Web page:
Hunting The Elusive Wild Haggis

homemade haggis, scotland food
“Like most true Scots I despise the haggis, the kilt and the caber. Unlike most true Scots, I am not Scottish.” —Simon Munnery

In A Nutshell

There are few cryptids that have as complete a life cycle and a history as the wild haggis of Scotland. Even though the greater haggis is now extinct, the patient, quiet onlooker might be able to catch a glimpse of the elusive lesser haggis in the wild. Most of the haggis you find in restaurants is farm-raised haggis; this allows Scotland to preserve the few wild haggis they have left, and selective breeding has created haggis that bear bigger litters with more haglets, that are generally larger and less hairy, and that don’t get drunk as often as they used to.

The Whole Bushel

Anyone who’s said Scotland isn’t one of the most exotic places in the world to go on a hunting trip obviously hasn’t heard the story of the wild haggis.

Most of us all know what haggis is—normally inedible innards stuffed with more normally inedible innards and delicately seasoned. It’s the perfect example of making do with what you have available. Somehow, it’s a staple in Scotland.

There are recipes online for making it, but there’s an incredible legend that’s grown up around a bit of mistaken logic. Beef comes from cows, mutton comes from sheep, pork comes from pigs, so haggis must come from . . . wild haggis.

According to the popular story, wild haggis has been hunted in Scotland for hundreds of years, as evidenced by the woodcuttings and engravings from the 18th century showing hunters returning from the woods with the remains of a wild haggis trussed up from a log carried on their shoulders. An amazing amount of work has gone into the mythos of the haggis, too. Unlike mythical beasts like the Loch Ness monster, we supposedly know everything there is to know about the wild haggis.

Today, it’s only the lesser haggis that remains in the wild. In centuries past, the great haggis was just as numerous, and its unique physical characteristics made it a challenge to hunt. The legs on one side of its body were shorter than the other, making it easier for them to run along the mountainside. They could only run in one direction, though. (The haggis that ran clockwise around the mountains were the Haggis Scottii dexterous variety, while the counterclockwise creatures were known as Haggis Scottii sinistrous). But, once hunters realized that they could stay in the same spot and just wait for the creature to make another circuit around the mountain, their numbers began to decline.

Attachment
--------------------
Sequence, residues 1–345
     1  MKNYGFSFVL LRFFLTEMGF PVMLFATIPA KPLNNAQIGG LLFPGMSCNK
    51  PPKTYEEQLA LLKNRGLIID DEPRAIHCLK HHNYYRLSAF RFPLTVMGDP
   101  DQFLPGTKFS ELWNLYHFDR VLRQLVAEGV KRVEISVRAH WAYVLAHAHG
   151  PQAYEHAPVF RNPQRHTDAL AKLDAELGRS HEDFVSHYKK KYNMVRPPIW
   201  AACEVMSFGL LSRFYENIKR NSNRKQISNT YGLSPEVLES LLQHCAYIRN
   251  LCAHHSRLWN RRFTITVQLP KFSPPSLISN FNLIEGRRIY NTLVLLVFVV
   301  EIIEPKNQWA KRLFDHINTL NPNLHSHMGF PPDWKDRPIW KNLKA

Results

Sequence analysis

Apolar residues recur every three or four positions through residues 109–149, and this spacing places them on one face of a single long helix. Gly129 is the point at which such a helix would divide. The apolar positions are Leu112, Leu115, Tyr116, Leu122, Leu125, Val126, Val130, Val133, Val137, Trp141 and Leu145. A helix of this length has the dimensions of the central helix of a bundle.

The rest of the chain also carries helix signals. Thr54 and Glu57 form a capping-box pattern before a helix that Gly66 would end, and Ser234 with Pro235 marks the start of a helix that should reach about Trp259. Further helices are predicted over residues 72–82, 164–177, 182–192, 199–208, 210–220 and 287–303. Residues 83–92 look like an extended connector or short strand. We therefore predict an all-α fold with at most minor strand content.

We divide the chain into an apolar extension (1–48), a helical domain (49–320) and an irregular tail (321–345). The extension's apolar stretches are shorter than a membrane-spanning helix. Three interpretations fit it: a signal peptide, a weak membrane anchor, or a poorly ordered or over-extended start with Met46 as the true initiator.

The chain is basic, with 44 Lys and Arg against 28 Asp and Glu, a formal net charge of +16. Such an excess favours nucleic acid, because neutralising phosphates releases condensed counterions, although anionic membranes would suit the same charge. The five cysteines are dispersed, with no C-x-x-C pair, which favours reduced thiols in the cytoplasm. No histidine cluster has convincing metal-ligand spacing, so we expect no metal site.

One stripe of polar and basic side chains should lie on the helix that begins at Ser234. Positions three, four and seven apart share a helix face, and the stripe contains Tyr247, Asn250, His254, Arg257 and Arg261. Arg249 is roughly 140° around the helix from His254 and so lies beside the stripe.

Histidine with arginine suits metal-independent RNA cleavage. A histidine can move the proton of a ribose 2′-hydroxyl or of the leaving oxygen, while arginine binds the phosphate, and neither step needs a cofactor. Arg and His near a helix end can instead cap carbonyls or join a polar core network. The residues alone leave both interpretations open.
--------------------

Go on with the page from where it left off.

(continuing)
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The last remaining great haggis had developed legs in front that were shorter than those in back and could run up and down the mountain incredibly quickly. Unfortunately, it could only run backward down the mountain, which was eventually its undoing when it impaled itself on a tree.

Early Scottish crofters kept the Hebridean haggis, and during the Clearances, the haggis were threatened by the sheep that they were now forced to share their land with. A good number of them went feral and spread across the Scottish Highlands. Different species, differentiated by the lengths of their legs, were created.

According to a paper prepared by the University of Glasgow Veterinary School, most haggis that are eaten now are farm-raised haggis, and steps are being taken to preserve the very shy wild haggis. They breed on only one night a year, November 30, when they’re given a libido boost after St. Andrew’s night parties. They’ll typically have two or three hagglets at a time.

Farmers have had success raising captive haggis, with many taking part in selective breeding programs designed to make them bigger, less hairy, and less prone to partake in the drink.

Sounds crazy, right? In 2003, haggis manufacturers Hall’s of Broxburn took a survey of American tourists. According to their results, 33 percent thought the haggis was a real animal, and 23 percent said they were hoping they were going to be able to see or catch one.

Show Me The Proof

The Haggis: Wild haggis (Haggis Scottii)
The Veterinary Record: Applications of ultrasonography in the reproductive management of Dux magnus gentis venteris saginati
Windsor Public Library: Wild Haggis
The Guardian: Majestic haggis of the glens proves elusive for US tourists

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